drew up a grid to assess the complexity
of integrated home care services (i.e.,
health and social care) needed for the
various profiles. When drawing up the
grid, the working group—composed of
home care managers of the regional
health authorities and executives of the
Campania region health government—
took into account the three levels of
integrated home care (level I [low
complexity], level II [moderate complex­
ity], level III [high complexity]) and the
complexity of palliative care for termi­
nally ill patients identified in accordance
with regional laws. The working group
tested the grid’s validity on a sample of
patients enrolled for integrated home
care by two local health authorities in
the region.
The final grid shows nine profiles for
integrated home care and three profiles
for palliative care, with three for each
level of integrated home care and three
for each level of palliative care. The grid
enables working group members to
examine the elements that determine a
specific level of complexity and the
characteristics of a welfare profile (i.e.,
low, medium, or high complexity). The
levels are assigned a score of 1, 2, or 3.
Complexity is determined by a combina­
tion of factors (i.e., the illness itself,
activities of daily living, care require­
ments, and social conditions). Each level
of complexity translates into a mini­
mum and maximum number of visits to
the patient’s home by healthcare work­
ers, in accordance with regional laws.
The analysis described earlier was
done in preparation for the study
leading to establishment of the tariffs. In
440
fact, integrated home care encompasses
illnesses with different levels of com­
plexity that takes into account the
patient’s clinical condition and social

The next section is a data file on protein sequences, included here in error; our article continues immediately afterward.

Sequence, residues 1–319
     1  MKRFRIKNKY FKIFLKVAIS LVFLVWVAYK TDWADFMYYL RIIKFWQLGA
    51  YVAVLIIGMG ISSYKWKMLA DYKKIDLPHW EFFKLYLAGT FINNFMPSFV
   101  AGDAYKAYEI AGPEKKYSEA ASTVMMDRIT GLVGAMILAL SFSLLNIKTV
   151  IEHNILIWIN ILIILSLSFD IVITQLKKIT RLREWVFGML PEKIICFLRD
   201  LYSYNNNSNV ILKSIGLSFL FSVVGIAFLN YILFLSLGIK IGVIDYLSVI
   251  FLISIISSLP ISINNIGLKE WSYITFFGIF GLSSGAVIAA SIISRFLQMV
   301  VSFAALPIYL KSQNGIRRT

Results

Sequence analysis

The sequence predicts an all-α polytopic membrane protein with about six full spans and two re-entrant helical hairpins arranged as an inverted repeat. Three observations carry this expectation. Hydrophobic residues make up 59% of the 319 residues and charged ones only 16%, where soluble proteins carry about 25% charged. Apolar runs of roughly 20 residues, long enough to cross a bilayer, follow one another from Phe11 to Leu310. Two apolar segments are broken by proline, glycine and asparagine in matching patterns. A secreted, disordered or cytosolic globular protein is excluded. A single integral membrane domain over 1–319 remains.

circumstances. Therefore, decisions
regarding appropriate care profiles
involve the careful assessment of the
resources absorbed, depending on the
level of integrated home/palliative care
and specific complexity, referring to the
welfare requirements relating to the
various aspects of care identified.
W o r k in g G ro u p o n T a r if f s
The working group on tariffs focused on
the resources absorbed by the care
profiles identified earlier. The ad hoc
study used TDABC to assess absorption
of resources by each care profile TDABC.
TDABC made it possible to establish
the average costs attributable to the
activities included in the care profiles;
these activities were categorized into
in-house management (i.e., government
agencies) and outsourcing (i.e., private
providers). For outsourcing activities in
particular, the group considered three
types of personnel expenses related to
the most common private provider
contracts used in the Campania region.
The working group examined four types
of costs (i.e., one for in-house manage­
ment and three for outsourcing activi­
ties), to establish the daily cost of home
care assistance (according to the level of
complexity); this cost, in turn, was used
to determine the monthly cost, the total
cost of a patient’s treatment, and the
average daily tariff.
The actual care day (ACD) is a
hypothetical day consisting of access to
the patient’s home by all professional
caregivers. Specifically, the ACD forms
T ime-D riven A ctivity-B ased C osting
the tool for allocating the time for each
resource to be dedicated to the integrated
home care estimated for the patient.
In our analysis of the resources used
by each profile, we did not include the
general practitioner (GP). GPs work
under an agreement with the regional
health system. Prescription and overthe-counter medications from the local
health service pharmacy and any reha­
bilitation support were also excluded
from consideration, because these costs
would have resulted in excessive vari­
ability in the costing model. The physi­
cian considered for the various care
profiles is a specialist or resuscitator,
neither of whom has been taken into
consideration for the purpose of calcu­